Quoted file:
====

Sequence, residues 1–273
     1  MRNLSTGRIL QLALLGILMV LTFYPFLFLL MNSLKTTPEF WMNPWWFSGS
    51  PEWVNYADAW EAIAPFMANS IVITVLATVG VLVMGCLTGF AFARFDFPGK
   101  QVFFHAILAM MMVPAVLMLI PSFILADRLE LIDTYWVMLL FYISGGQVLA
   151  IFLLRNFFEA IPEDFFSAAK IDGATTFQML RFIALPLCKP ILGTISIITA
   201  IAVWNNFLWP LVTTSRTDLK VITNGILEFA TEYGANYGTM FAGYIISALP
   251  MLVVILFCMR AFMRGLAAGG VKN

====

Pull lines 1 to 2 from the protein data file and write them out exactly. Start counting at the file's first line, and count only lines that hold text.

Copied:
Sequence, residues 1–273
     1  MRNLSTGRIL QLALLGILMV LTFYPFLFLL MNSLKTTPEF WMNPWWFSGS